Compassionate education training is being developed
Following their study, Rempel and Engel developed a brief grief screening tool for emergency department nurses to quickly identify women who might be at risk for complicated grieving, with suggestions on how to refer these women for follow-up.
In collaboration with the Sunnybrook Health Sciences Centre’s Pregnancy and Infant Loss Network (PAIL), they’ve developed a compassionate miscarriage education session for nurses and are currently piloting it in an emergency department (they can’t say where until their study is completed in the fall).
“But it has been challenging for nurses to add this to their current practices,” Rempel said.
“Our current study will explore the barriers or using our screening tool. Some hospitals now have early pregnancy loss clinics to which they can refer women experiencing miscarriages. This is a very new development and we hope that use of these clinics will result in better screening and follow-up for women who may have mental health issues following their miscarriage.”
There may be a link between PTSD and miscarriage
Engel says that the consideration of post-traumatic stress disorder has been brought up incidentally in some studies, with a few studies suggesting that a small number of women who experience miscarriage show evidence of PTSD.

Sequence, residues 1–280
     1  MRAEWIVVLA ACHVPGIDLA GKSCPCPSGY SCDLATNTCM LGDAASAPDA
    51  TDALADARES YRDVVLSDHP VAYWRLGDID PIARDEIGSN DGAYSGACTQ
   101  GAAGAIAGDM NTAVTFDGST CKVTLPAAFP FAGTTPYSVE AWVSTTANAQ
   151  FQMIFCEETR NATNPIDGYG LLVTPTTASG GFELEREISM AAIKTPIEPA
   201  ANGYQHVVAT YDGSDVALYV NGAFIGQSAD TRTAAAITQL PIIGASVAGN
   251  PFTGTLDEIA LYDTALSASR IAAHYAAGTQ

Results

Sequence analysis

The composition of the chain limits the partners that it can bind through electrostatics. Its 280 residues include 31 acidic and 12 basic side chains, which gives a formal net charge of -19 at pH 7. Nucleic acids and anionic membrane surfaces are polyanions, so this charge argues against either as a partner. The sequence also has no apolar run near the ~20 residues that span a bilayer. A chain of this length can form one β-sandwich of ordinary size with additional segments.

“Certainly, this number is less than that suggested for depression or anxiety,” Engel said. “However, I would suggest that this may also be related to whether or not studies have been specifically assessing PTSD (as opposed to depression or anxiety).”
Engel says there are very limited long-term studies related to mental health and miscarriage and that most studies tend to have been conducted in the first year post miscarriage or even within the first six weeks.
“One study suggested that as high as two-thirds of women met the criteria for depression at one month post miscarriage and another suggested that women who miscarried were 1.66 times more likely (than the general population) to experience depression at one month post miscarriage. A number of studiessuggested that the prevalence of depression tends to give way to anxiety, with higher scores noted on anxiety, if present, in the first year post miscarriage.”
Engel says findings of the studies are contradictory, with some suggesting that life circumstances or social support have no bearing on the experience of either depression or anxiety. Others suggest that women who have limited social support, prior losses, longer gestation, and/or existing mental health concerns are more likely to experience greater severity in depression and/or anxiety and to experience symptoms of either up to a year.
“Why isn’t this being taken seriously?”
Though Lamont has been given the green light to try again, she says she’s not sure she can put herself or her partner through the trauma again.
“I’m terrified,” Lamont said.
“Right now my focus is on getting better and keep up appearances of being a normal human doing all the things instead of how I feel like being, which is in a ball, in a blanket, in a cave, on an island. The more I am open about it, the more women confide in me with miscarriage stories even more horrid than my own. Why aren’t we talking about this? Why isn’t it being taken seriously? Myself, and others like me would very much like to be a part of the conversation.”